• Serve immediately.
  • Traditionally Salmon Teriyaki is served with finely grated Daikon (called Daikon Oroshi).
  • If you need an alternative, horse-radish makes a good substitute.

Guide for Serving Size: A recommend serving of salmon is about 85 g (3 oz).  Salmon steaks are usually between 115 to 170 grams (4 to 6 oz), or about two servings.

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Salmon Teriyaki by Bill Wilkat Oct. 9, 2018

Delicious Salmon Teriyaki, a Japanese Favourite Everyone Loves!

  • Author: Bill Wilkat

Ingredients

  • 1 lb (450 g) salmon steaks or fillets
  • 3 tbsp. (45 ml) soy sauce
  • 1 1/2 tbsp. (22 ml) Mirin
  • 3 tsp (15 ml) Sake
  • 1/2 tsp (3 ml) finely grated fresh ginger
  • 1 1/2 tsp (6 g) sugar
  • 1 tbsp. (15 ml) vegetable oil

Instructions

  • Gently feel the salmon with your fingertips and remove any fish bones that you feel at the surface using fish bone tweezers (or needlenose pliars)
  • Cut salmon into 4 equal pieces (check again for fish bones) & place into a suitable container for marinating.
  • Mix soy sauce, Mirin, Sake, sugar & ginger in a small bowl & stir to dissolve the sugar.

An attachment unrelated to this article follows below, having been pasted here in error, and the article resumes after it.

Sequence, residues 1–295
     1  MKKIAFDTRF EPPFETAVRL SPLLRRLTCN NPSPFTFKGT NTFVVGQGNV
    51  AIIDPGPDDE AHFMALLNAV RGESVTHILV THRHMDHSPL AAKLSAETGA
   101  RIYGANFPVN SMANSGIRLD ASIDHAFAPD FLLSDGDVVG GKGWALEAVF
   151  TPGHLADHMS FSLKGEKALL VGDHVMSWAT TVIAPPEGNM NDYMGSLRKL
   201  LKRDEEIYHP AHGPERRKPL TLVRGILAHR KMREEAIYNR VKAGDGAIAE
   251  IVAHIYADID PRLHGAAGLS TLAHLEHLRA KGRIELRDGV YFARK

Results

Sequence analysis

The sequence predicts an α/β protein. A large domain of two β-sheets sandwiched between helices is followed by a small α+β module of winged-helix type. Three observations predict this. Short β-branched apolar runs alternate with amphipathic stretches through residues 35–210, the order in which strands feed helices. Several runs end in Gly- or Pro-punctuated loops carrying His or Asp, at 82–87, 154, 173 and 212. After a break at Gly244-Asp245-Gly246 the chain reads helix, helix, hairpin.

• Pour the marinade over the salmon, refrigerate for 30 minutes flipping the fish after 15 minutes.
  • Remove the salmon and reserve the marinade.

Frying:

  • Heat oil in a 20-25 cm (10”) skillet over medium heat.
  • Add salmon (skin side down) & cook for about 3 minutes.
  • Gently turn salmon over & cook for about 2 more minutes, just until salmon is cooked through and flakes easily with a fork.
  • Reduce heat to low, add the marinade spooning it over the salmon & cook until pieces are well-coated and sauce is hot; about 1 to 2 minutes.

Broiling:

  • Heat broiler & brush broiler pan with oil.
  • Add salmon (skin side down) to broiler pan & brush lightly with marinade.
  • Broil about 10 cm (4”) from heat source for 5 to 6 minutes.
  • Turn salmon & brush lightly with marinade.
  • Broil just until salmon is cooked through and flakes easily with fork; about 5 to 6 minutes.

Grill on BBQ:

  • Make a tray out of heavy aluminum foil, and brush or spray lightly with oil.
  • Pre-Heat BBQ on high, then turn off burners on one side and reduce heat level on the hot side to medium.
  • Place the aluminum foil tray on the cooler side of the BBQ & add the salmon (skin side down) with the thicker portions of the fish towards the hot side.
  • Brush the salmon with the marinade, close lid and BBQ for about 10 minutes—check periodically to prevent over-cooking a drying out the salmon.
  • Serve immediately.
  • Traditionally Salmon Teriyaki is served with finely grated Daikon (called Daikon Oroshi).
  • If you need an alternative, horse-radish makes a good substitute.
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Bill Wilkat

Retired Luthier, and now a blogger writing about food including recipes, restaurant and product reviews, and guitar related information which includes "how-to" info. and more.

One thought on “Salmon Teriyaki by Bill Wilkat Oct. 9, 2018”

  1. We have to be content with Atlantic Salmon grown in the Pacific! LOL!
    Farmed salmon is what we have here usually from Tasmania, and sometimes from New Zealand.